There have been calls lately for Hillary Clinton to officially challenge the election results in Wisconsin, Michigan and Pennsylvania with their 46 electoral votes, all which Clinton would need to reach the 270 electoral vote threshold. There are also calls for individual electors to “voluntarily” switch their votes from Donald Trump to Clinton. There are also claims of “irregularities” in the voting tabulations in Wisconsin, and further conspiracy claims of the Russians “hacking” into voting machines and altering the vote counts.
This latter has received much bizarre support. While it may be true that the Russians were behind the WikiLeaks revelations of Clinton wrong-doing, we should not be “blaming” the Russians for Clinton’s habit of corruption and perjury. Claims of Russian “hacking” into the election machines to change the results in favor of Trump are absurd, for this reason: vote-tabulating machines are not connected to the Internet, which means that hackers cannot access into and alter the results on these machines. If there is any “hacking,” it is more likely to be done by partisan political operatives secretly tampering with voting machines.
Much has been made about Clinton’s “wide” margin of victory in the popular vote, and indeed she won that part of the election by the widest margin ever by the losing candidate. The latest numbers at this time show Clinton ahead by 1,666,036 votes. But we need to look askance at this number, since Clinton won by over 5 million votes in California and New York combined—meaning that Trump won the rest of the country by more than 3 million votes.
Does Clinton have a “case” in the swing states that Barack Obama one by comfortable margins in 2012? Trump is ahead in Wisconsin by 27,000 votes, in Michigan by 13,000 votes, in Pennsylvania by 58,000 votes, and Florida by 113,000. In 2012, Obama’s 74,000 vote margin in Florida represented the only contest that could conceivably have been “contested,” except that Obama would have won the election without Florida. Trump’s margin of victory there makes it a highly unlikely candidate for “review.” Nate Silver of FiveThirtyEight debunked theories of vote tampering in Wisconsin by pointing out the various voting shifts from 2012 to 2016—based on education level and income—which reflected national trends rather than mere local anomalies. At this point, only Michigan’s vote could change the final outcome, but not enough to help Clinton.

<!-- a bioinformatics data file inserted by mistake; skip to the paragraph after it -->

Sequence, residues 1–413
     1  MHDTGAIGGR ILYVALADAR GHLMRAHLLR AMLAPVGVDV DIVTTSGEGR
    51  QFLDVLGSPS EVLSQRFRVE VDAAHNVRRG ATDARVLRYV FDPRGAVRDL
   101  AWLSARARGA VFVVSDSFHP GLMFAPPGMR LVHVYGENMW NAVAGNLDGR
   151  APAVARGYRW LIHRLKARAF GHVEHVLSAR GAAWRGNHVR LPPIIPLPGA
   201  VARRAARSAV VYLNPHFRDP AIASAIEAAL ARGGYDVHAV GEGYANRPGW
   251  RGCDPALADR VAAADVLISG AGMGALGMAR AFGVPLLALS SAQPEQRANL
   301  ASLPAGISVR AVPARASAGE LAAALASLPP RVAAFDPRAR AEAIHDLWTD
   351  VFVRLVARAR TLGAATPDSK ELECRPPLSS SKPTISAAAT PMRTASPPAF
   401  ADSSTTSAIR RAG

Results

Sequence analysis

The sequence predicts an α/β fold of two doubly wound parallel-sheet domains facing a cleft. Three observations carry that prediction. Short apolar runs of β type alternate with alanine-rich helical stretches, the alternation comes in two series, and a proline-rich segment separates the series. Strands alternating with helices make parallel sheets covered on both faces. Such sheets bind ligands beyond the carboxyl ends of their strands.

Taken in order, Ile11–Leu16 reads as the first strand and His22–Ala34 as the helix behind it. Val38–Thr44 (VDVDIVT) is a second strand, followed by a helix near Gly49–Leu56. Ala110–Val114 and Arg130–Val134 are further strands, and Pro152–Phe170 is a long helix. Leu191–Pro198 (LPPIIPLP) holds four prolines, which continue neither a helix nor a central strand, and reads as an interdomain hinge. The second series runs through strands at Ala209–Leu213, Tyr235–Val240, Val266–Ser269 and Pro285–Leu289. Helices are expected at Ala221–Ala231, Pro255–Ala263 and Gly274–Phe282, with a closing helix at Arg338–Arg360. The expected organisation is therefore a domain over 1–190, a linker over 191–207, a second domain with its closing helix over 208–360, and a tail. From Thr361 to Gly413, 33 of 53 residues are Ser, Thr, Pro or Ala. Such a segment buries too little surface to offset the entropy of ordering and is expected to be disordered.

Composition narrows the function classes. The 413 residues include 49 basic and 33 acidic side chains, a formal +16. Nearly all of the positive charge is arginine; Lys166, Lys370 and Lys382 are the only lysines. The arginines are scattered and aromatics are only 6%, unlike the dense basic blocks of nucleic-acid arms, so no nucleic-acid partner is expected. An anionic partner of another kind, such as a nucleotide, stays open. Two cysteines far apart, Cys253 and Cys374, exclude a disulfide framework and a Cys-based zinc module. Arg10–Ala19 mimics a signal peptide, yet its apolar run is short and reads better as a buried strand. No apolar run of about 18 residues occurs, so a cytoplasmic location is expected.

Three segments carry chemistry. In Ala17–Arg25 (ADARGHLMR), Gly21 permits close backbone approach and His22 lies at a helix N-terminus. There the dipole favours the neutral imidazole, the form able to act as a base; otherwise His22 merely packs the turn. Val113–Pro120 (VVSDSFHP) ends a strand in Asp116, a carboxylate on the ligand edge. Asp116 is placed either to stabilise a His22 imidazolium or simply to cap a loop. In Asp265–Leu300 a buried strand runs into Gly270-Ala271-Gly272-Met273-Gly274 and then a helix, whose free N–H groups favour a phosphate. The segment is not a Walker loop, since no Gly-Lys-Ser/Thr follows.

It is also highly unlikely that many if any electors will switch their vote unless there is a spectacular scandal that surfaces very soon. Otherwise, any such significant switch will only call into question the integrity of our election system, which was established by the “founders” and codified in the U.S. Constitution. Only a constitutional amendment can change that.
Many wonder why the pre-election polls were so “off,” after favoring Clinton by a “substantial” margin. First of all, we know that polling can be disastrously wrong. We found this out during the Michigan primary, when a few polls showed Clinton ahead of Bernie Sanders by 20 points or more, and Sanders “shocked” the “experts” by winning the state by a narrow margin. It has also been pointed out that the “national” lead by Clinton did not accurately reflect the reality of the electoral vote count, and in “swing” states where polls were daily offering contradictory numbers. And the polling itself should be questioned. The only poll out of dozens tracked by RealClearPolitics that consistently predicted a Trump victory was the USC Dornsife / LA Times Presidential Election Poll. This poll claims to “represents a pioneering approach to tracking changes in Americans' opinions throughout a campaign for the White House. Around 3000 respondents in our representative panel are asked questions on a regular basis on what they care about most in the election, and on their attitudes toward their preferred candidates.” Do other polls tend to rely on more “reliable” voters because their votes are more “predictable”?
Polls also show that Obama’s approval ratings have hovered above 50 percent for quite some time now. Clinton obviously hoped that she could use his “popularity” to help her win, especially among minority voters. Yet polls showed that Clinton was not regarded as “trustworthy.” Neither was Trump, of course, but there was a difference: Trump’s untrustworthiness was of a “public” variety, while Clinton’s was of the “private” variety—and every time another “leak” was revealed about yet another example of illegal and unethical activities that no one was supposed to know about, people couldn’t help but wonder what else there was. Clinton simply could not be trusted or believed by too many voters. If she had been a “clean” candidate she likely would have won by “landslide” margins. Thus her “untrustworthiness” polling should have been taken far more seriously than it was.
In any event, the election is over, and Clinton fanatics are doing her no service by re-feeding her megalomania. People have to turn their attention to putting pressure on Trump to represent “all” Americans as he has been claiming to do of late. I think that he wants to, because he likes being “liked”; but the people he has recruited to “assist” him clearly have other plans. We will see if being a political “novice” and “outsider” will work for or against him soon enough.